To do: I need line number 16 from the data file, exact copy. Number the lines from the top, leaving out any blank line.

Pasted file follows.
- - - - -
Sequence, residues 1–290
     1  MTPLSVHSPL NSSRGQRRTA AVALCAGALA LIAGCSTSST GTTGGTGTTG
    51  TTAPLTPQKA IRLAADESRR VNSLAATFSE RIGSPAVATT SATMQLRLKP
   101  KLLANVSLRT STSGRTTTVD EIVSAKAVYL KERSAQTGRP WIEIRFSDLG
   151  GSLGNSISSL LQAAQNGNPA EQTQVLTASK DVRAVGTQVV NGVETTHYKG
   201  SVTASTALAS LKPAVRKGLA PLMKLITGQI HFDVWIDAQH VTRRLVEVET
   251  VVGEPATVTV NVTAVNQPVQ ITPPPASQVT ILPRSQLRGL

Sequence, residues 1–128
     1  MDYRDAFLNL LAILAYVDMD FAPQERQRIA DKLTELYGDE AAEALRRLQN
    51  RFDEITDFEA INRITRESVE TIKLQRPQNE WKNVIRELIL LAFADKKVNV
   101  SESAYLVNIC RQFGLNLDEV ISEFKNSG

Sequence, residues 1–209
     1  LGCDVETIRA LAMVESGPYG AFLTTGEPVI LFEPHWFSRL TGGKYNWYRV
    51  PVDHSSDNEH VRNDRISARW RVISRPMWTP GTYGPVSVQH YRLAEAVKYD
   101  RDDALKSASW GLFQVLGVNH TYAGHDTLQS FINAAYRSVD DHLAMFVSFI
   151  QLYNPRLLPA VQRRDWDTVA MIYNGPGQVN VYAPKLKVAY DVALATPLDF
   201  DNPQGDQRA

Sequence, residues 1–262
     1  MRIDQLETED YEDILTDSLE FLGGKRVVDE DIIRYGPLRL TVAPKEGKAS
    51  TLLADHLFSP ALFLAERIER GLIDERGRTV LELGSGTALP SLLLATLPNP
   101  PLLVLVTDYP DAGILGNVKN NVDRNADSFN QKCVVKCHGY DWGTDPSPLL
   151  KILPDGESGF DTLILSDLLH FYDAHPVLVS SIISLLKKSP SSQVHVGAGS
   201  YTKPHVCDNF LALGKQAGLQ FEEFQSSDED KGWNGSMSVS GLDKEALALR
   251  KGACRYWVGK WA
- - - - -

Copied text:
   151  QLYNPRLLPA VQRRDWDTVA MIYNGPGQVN VYAPKLKVAY DVALATPLDF